plants. "It is also' desirable, he
says, "to locate the beds so that they
will be,, protected as much as possible
from strong winds."
After An Assault
Over Card Game
.. Frank W. Truitt of Ocan City, Md.
has worn ttie some straw hat for
over 80- years. 1
Deputy 'Sheriff M. G. Owens order
ed Theodore Cox, Negro, to appear in
Recorder's Court on January 21 on a
warrant sworn out by Washington
(Dumby) Felton, who charged Cox
with assault with a deadly weapon.
On investigation Deputy Owens
learned that Felton and Cox were
engaged in playing "skin game," a
Negro card pastime during which
Felton reached into the pot and start
ed to take the amount which Cox
evidently didn't approve, because he
immediately stabbed "Dumby" in the
leg with a knife.
HOSTESS AT BRIDGE PARTY
Mrs. W. G. Wright charmingly en
tertained at a bridge party Thursday
evening. The following guests played.
Mesdames Charles Williford, H. C.
Stokes, George Barbee, Carroll R.
Holmes, Tommy Jessup, and B. G.
Koonce. Misses Helen Morgan and
Mary Sumner. High score prize was
awarded Mrs. Holmes and Miss Sum
ner received low. A dainty salad
course was served by the hostess.
Poultry Short Courses
Being Held Over State
A series of 13 district poultry
short courses, annual service events
of the N- C. State College poultry
staff, has been started and will con
tinue through February. County
farm and home agents of the Exten
sion Service are in charge of local
The first two short courses were
held this week, on Monday in Curri
tuck and on Tuesday in Greenville.
The remainder of the schedule is as
follows: January 20, in the court
house at Sylva, Jackson County;
January 21, in the community build
ing at Marion, McDowell County;
January- 2.7, in the courthouse at
JUST RECEIVED NEW LOT
v SPLENDID TOPS
7 v Wide Range of Sizes
. Satisfactory Rebuilding of Shoes
y Promptly Done
Complete Line of
Griffin's liie lolisbes
t Julian Ward's Shoe Shop
Virginia-North Carolina Section:
The movement of farmers' stock to
shelling and cleaning mills has re
cently been light, but cooperative
warehouses have been taking a sub
stantial volume- The quality of the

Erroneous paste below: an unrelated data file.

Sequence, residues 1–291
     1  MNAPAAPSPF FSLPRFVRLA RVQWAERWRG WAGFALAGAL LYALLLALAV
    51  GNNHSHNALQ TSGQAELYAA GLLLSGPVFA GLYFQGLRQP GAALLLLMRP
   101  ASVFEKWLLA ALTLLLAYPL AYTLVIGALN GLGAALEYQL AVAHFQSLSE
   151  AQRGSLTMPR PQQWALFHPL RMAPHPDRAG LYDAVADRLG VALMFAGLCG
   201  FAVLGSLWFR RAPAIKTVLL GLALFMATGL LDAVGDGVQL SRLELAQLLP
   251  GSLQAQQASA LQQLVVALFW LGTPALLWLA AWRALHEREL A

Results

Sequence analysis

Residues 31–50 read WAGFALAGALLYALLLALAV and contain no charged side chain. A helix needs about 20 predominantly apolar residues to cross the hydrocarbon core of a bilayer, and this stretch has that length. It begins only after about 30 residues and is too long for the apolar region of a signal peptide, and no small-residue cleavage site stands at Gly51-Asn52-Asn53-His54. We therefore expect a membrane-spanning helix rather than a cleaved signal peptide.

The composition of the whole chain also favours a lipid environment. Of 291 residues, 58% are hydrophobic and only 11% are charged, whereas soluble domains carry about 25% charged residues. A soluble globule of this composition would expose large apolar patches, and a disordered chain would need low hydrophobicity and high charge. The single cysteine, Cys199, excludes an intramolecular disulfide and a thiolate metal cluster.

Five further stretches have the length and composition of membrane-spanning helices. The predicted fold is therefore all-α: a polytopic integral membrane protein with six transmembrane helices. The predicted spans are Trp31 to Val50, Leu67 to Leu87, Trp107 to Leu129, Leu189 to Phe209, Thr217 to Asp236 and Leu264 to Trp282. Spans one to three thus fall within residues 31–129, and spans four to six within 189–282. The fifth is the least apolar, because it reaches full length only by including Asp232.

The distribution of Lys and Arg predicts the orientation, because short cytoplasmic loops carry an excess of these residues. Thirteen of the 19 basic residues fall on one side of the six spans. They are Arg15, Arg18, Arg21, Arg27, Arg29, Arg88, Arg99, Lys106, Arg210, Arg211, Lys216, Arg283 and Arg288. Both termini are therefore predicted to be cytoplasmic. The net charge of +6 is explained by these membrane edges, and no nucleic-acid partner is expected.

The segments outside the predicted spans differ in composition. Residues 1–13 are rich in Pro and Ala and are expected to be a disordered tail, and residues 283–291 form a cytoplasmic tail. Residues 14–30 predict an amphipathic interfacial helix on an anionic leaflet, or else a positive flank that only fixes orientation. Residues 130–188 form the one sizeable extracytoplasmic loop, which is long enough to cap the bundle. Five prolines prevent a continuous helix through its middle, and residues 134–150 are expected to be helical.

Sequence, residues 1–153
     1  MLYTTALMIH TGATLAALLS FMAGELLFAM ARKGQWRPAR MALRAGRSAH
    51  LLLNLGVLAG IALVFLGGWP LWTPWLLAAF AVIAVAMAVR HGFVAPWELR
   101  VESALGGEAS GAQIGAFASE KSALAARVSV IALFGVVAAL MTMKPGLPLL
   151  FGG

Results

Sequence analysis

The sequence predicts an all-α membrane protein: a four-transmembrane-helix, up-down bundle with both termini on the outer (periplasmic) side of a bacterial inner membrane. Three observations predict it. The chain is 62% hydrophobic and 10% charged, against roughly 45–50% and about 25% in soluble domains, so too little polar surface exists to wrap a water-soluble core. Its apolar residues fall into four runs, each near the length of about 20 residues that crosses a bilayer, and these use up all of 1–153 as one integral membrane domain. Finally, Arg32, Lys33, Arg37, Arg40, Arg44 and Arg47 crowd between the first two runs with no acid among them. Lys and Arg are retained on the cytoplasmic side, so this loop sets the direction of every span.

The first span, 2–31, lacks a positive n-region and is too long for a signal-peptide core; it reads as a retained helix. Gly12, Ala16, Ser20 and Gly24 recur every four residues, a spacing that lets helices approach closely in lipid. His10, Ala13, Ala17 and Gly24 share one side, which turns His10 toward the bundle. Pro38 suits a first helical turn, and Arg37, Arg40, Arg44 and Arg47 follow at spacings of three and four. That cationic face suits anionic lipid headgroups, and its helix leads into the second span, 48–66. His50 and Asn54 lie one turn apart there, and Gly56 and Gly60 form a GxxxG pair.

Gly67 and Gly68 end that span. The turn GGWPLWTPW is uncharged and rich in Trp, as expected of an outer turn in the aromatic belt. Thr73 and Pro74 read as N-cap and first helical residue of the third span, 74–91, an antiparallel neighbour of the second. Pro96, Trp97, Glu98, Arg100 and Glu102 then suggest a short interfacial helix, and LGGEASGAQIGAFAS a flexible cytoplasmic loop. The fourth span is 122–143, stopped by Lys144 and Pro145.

farmer's stock shows no improve
ment, and most Jumbos are reported
light in weight and suitable primar
ily for sheling stock. Best Bunch
peanuts are scarce and a little strong
er but other grades are holding about
steady. Prevailing prices per lb.,
f.o.b. delivery points, follow:
Virginias, Jumbos, best 3 -3 3-8c,
medium 3 1-8-3; Bunch, best 3c.
few 3.55c, medium 3-3 l-8c; shelling
stock, best 3c, few higher, medium,
2 -2 7-8c.
Spanish farmers' stock 90-97 per
Cleaned Virginias are firm to
slightly stronger while shelled pea
nuts are holding about steady. Shell
ed and cleaned peanuts are still in
rather light demand, but millers are
looking for a stronger demand fol
lowing the inventory period.
INDIAN DIES IN CRASH
Bedford, Pa. White Wolf,
year-old Sioux Indian Chief, a
vivor of the Wounded Knee Massacre
of fifty years ago was killed in an
automobile crash as he was traveling
from his home in South Dakota to
Washington to appear before a con
gressional committee concerning an
aftermath of that conflict. Three
other Indians, Chief Thomas- Fast
horse, Chief Arthur Boneehirt and
Frank Shorthorn, were hurt.
Hyannis, Neb. As his relatives
met to plan his funeral rites, Gordon
Houpt, Sandhills mail carrier, who
had been lost in a snowdrift for font
day v , walked in. When Houpt's
empty car was. found stalled in the
now, relatives assumed him to be
frozen to death. Instead h had made
his way to a nearby ranch and holed
1. How does Democratic strength
in the new Congress compare with
representation before the 1940
2. Who is Arthur B. Purvis ?
3. What is the present strength
of the Army?
4. What is the current monthly
production of the American aircraft
5. When did London experience
the great fire?
6. How many hours of bombing
did London experience in 1940?
7. What nations have common
frontiers with Bulgaria?
8. Name two World War emperors
now living in exile.
9. How long did the Oast session
of Congress stay convened?
10. What is the population of th
United States and its possessions ?
1m A loss of three senators and a
gain of eight in the House.
2. Head of the British Purchasing
3. About 600,000.
4. 2,400 plane engines and 700
5. September, 1666.
6. 1,180 hours.
7. Rumania, Yugoslavia, Greece
8. Kaiser Wilhelm, of Germany,!
and King Ferdinand, of Bulgaria.
9. One year, from January 3
1940, to January 3, 1941.
Lumberton, Robeson County; Janu
ary 28, in the court house at Bur-
gaw, Pender County.
February 11, in the court house
at Henderson, Vance County; Febru
ary 12, in the court house at Smith
field, Johnston County; February 17
in the court house at Wilkesboro,
Wilkes County; February 18, in the
court house at Graham, Alamance
County; and February 26, in the
Court house at Troy, Montgomery
C. F. Parrish, head of the State
College Extension poultry office who
is in charge of the short courses,
say3 that schools also wiill be held in
February in Rowan and Gaston Coun
ties, on dates yet to be set.
Parrish discusses general poultry
production at the meetings. Prof.
Roy S. Dearstyne, head of the State
College Poultry Department, is talk
ing on the research program; T. T.
Brown, poutry extension specialist,
discusses marketing and quality of